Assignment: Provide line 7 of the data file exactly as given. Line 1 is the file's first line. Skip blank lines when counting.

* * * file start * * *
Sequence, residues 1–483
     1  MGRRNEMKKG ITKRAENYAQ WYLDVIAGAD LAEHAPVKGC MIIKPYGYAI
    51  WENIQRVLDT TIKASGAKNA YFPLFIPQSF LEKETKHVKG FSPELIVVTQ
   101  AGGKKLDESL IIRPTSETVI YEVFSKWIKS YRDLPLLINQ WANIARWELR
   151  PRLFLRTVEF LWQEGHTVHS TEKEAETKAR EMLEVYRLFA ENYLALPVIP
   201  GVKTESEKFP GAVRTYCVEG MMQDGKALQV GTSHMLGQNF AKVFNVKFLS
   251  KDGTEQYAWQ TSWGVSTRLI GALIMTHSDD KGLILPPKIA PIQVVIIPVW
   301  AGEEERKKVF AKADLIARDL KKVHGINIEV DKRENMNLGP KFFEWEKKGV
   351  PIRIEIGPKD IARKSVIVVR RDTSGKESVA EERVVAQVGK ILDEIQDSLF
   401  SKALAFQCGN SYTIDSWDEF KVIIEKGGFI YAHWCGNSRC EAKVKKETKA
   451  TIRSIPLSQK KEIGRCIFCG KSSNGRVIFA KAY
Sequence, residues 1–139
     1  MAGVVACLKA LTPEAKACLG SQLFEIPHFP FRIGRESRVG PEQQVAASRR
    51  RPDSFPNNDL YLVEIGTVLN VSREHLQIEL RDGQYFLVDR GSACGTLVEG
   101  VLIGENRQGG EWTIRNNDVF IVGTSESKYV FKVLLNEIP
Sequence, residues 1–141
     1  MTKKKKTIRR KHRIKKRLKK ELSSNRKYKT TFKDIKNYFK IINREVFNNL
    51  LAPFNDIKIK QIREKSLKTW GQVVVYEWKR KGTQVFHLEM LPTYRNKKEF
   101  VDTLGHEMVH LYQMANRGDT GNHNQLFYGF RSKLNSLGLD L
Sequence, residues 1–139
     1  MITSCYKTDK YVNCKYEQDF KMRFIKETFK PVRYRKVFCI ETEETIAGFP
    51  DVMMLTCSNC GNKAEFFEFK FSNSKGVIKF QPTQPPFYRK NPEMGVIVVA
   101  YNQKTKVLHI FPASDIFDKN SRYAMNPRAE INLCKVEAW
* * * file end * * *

   251  KDGTEQYAWQ TSWGVSTRLI GALIMTHSDD KGLILPPKIA PIQVVIIPVW